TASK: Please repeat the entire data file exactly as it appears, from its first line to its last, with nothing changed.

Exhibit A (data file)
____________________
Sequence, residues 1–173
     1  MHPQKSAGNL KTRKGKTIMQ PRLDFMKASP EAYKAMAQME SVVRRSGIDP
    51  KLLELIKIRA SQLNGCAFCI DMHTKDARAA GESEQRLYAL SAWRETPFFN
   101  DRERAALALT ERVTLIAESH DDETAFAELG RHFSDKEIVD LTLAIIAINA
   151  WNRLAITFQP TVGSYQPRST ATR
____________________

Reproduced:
Sequence, residues 1–173
     1  MHPQKSAGNL KTRKGKTIMQ PRLDFMKASP EAYKAMAQME SVVRRSGIDP
    51  KLLELIKIRA SQLNGCAFCI DMHTKDARAA GESEQRLYAL SAWRETPFFN
   101  DRERAALALT ERVTLIAESH DDETAFAELG RHFSDKEIVD LTLAIIAINA
   151  WNRLAITFQP TVGSYQPRST ATR